Infographic: Vaccinating children against COVID

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More than 100 countries around the world are vaccinating children against COVID-19.

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More than 100 countries around the world have expanded their COVID-19 vaccination campaigns for children.

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According to a UNICEF report, which analyzed 115 million confirmed COVID-19 cases from 105 countries, people under the age of 20 account for 16 percent of the reported cases.

While many children who catch COVID have few or no symptoms, those with underlying health conditions may be at increased risk of serious illness.

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Three vaccines approved by the World Health Organization (WHO) are being given to children in different countries: the Pfizer-BioNTech vaccine, the SinoPharm shot and the Sinovac vaccine.

While some countries are offering children and adolescents a full two-dose course of the Pfizer-BioNTech vaccine, others are offering a single dose.

According to the London School of Hygiene and Tropical Medicine, there are 20 vaccine candidates in clinical trials for people under the age of 18.

Asia

China has started vaccinating children aged three years and older with its own CoronaVac vaccine manufactured by Sinovac Biotech.

Taiwan temporarily suspended the second dose of the Pfizer-BioEntech vaccine to children and adolescents aged 12 to 17 years due to concerns about the risk of myocarditis (inflammation of the heart muscle) and pericarditis (inflammation of the outer layer of the heart). Is. for the media reports,

In August, India’s drug regulator approved Zydus Cadila’s needle-free ZyCoV-D vaccine for people aged 12 years and above. It is the world’s first DNA-platform vaccine for COVID-19, but its rollout has not started. Bharat Biotech, maker of the domestically manufactured Covaxin vaccine, sought permission for emergency use in children 12 years of age and older, but regulators have yet to announce a decision. Vaccinations for certain groups of children may begin in January, news reports Say,

Pakistan is currently giving the Pfizer-BioNTech vaccine to children above 15 years of age and Chinese Sinovac and Sinopharm vaccines to children above 12 years of age.

Africa

South Africa began immunizing children aged 12 to 17 in October. The government is aiming to vaccinate nearly six million adolescents in this age group with a single dose of the Pfizer-BioNTech vaccine.

Morocco, one of the first African countries to give shots to children and adolescents, began immunizing people aged 12 to 17 in September. It is using Pfizer-BioNTech and SinoPharm vaccines with an aim to vaccinate at least 3 million children.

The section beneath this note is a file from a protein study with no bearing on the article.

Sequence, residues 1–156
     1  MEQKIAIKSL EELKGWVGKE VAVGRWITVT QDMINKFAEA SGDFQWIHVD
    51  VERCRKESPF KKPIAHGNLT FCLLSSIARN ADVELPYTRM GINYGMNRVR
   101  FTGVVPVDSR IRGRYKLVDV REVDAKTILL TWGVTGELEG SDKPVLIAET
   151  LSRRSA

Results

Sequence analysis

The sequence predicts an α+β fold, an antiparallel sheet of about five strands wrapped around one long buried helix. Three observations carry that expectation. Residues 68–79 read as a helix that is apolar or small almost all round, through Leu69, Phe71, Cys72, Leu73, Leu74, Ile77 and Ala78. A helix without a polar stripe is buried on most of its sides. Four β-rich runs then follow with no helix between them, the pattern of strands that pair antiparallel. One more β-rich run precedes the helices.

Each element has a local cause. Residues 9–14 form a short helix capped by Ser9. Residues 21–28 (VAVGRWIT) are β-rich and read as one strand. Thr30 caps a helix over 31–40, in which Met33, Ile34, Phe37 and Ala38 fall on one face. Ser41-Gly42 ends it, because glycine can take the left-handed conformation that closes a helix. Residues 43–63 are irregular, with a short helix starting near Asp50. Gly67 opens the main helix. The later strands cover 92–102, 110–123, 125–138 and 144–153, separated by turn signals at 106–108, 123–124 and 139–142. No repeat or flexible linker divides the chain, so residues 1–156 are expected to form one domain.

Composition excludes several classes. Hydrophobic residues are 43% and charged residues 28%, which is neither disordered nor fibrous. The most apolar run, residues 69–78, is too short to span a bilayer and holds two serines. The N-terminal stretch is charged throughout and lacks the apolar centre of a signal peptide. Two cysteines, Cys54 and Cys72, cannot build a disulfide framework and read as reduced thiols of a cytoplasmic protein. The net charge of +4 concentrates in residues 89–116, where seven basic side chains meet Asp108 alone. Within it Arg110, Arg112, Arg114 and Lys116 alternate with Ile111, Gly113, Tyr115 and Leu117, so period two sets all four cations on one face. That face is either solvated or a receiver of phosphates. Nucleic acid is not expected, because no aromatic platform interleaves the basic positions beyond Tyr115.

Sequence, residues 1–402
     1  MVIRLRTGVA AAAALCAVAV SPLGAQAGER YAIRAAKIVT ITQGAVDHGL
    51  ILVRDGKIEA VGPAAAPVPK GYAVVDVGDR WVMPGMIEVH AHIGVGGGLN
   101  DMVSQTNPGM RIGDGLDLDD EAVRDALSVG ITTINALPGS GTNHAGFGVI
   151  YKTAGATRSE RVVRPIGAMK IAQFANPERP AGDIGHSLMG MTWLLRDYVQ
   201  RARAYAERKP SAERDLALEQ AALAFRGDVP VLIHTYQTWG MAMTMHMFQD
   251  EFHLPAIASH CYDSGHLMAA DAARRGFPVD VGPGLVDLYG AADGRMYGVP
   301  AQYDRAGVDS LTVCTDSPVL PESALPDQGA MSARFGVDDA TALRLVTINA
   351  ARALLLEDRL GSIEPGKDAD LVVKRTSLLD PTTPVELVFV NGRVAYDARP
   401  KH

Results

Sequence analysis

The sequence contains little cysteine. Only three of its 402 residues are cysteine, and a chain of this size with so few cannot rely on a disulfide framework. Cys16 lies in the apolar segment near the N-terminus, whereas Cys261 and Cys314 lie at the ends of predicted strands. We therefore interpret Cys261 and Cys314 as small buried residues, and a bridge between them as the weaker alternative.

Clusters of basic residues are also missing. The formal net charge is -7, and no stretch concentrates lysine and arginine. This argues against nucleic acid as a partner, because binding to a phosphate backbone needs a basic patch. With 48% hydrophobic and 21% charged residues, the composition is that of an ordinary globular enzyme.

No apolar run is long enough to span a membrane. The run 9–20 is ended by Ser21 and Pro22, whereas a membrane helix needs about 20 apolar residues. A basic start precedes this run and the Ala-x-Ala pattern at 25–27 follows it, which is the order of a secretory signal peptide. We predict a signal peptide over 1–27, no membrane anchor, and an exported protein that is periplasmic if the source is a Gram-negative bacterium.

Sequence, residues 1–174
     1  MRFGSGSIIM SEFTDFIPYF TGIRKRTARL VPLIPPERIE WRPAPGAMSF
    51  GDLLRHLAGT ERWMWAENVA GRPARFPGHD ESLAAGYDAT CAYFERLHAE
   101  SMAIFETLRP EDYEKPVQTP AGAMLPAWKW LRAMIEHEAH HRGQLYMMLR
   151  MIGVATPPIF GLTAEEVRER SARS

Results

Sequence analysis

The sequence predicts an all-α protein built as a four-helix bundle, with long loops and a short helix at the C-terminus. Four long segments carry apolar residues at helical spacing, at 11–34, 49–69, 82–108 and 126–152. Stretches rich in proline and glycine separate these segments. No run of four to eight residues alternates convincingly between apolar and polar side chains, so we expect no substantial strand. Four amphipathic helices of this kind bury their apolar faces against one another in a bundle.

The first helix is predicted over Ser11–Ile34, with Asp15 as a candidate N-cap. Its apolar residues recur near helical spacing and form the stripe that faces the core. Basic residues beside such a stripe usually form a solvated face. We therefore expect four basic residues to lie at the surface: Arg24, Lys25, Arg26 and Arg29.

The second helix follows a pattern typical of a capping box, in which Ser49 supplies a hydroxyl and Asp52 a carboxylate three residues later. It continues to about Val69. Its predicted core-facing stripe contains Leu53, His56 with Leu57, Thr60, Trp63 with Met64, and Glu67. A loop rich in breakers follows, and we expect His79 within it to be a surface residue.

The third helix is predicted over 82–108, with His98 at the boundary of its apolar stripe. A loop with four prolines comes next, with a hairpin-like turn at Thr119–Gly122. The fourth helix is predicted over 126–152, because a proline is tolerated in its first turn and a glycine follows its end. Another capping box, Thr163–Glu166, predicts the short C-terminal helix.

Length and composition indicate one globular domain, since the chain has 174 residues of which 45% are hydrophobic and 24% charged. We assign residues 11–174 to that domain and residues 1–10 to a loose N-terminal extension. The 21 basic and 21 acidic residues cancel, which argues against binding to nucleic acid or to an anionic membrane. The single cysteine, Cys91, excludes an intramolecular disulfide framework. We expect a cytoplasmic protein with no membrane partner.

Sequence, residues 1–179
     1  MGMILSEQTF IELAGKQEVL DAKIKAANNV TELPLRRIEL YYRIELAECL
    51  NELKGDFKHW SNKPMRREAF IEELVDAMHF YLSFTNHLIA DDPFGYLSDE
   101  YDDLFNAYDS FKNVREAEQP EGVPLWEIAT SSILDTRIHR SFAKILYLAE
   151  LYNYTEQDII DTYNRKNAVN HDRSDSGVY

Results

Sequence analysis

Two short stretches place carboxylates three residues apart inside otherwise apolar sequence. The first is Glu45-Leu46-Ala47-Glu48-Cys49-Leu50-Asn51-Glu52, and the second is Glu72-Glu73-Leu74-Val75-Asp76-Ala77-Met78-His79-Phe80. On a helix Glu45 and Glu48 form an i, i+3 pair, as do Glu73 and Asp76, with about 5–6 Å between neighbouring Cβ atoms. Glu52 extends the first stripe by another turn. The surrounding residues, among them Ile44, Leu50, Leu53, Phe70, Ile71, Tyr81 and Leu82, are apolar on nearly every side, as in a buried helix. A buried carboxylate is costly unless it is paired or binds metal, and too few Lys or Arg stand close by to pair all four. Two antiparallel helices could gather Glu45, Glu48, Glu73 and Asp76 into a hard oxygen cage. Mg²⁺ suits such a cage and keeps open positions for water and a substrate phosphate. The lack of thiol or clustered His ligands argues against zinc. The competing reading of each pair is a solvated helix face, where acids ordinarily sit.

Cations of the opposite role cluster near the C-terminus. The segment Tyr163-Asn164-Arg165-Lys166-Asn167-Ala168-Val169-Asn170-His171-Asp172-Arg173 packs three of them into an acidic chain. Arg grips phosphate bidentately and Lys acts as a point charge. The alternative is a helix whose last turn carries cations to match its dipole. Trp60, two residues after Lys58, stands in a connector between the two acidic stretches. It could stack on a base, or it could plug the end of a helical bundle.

Europe

The European Union’s health regulator, the European Medicines Agency (EMA), in May approved the use of the Pfizer-BioEntech vaccine for use in children over the age of 12.

In Germany, as of November 23, about 45 percent of people aged 12 to 17 were fully vaccinated with the Pfizer-BioNTech vaccine.

In Norway, which is not part of the European Union, the Pfizer-BioNTech vaccine is approved for people aged 12 to 15 years. But health officials have halted the rollout of the second dose, partly because of a rare side effect linked to inflammation of the heart.

In the United Kingdom, which is not part of the EU, a single Pfizer-BioNtech jab is being offered to 12 to 15-year-olds.

EU regulators are evaluating an application to expand the use of the vaccine to children aged five to 11 years. It is expected to be announced next month.

Alia Chughtai/Al Jazeera (Al Jazeera)

Latin America

In September, Cuba began introducing vaccines with the domestically produced Sobrana-02 and Sobrana Plus vaccines for children under the age of two.

In Venezuela, officials announced in early November that vaccinations were underway for children under the age of two using Cuba’s Sobrana-02 shot.

Brazil’s health regulator Anvisa has approved the use of the Pfizer-BioNTech vaccine in children aged 12 to 17, and the government has encouraged local authorities to prioritize those children and adolescents.

Middle East

The United Arab Emirates began its immunization campaign in August with the Sinoform vaccine in children aged three to 11 years. In November, Emirati authorities approved the Pfizer-BioNTech vaccine for children aged five to 11 years.

In October, Bahrain authorized the use of the Sinoform shot for children aged three to 11. This month, it approved the use of Pfizer-BioNtech for children between the ages of five and 11.

United States of america

In May, US health officials approved the Pfizer-BioNTech vaccine for use in children between the ages of five and 17.

Since the start of the pandemic, representation of children According to the American Academy of Pediatrics, 16.9 percent of all confirmed cases. In the week ending November 18, children made up 25.1 percent of the reported cases. Children make up 22.2 percent of the US population.

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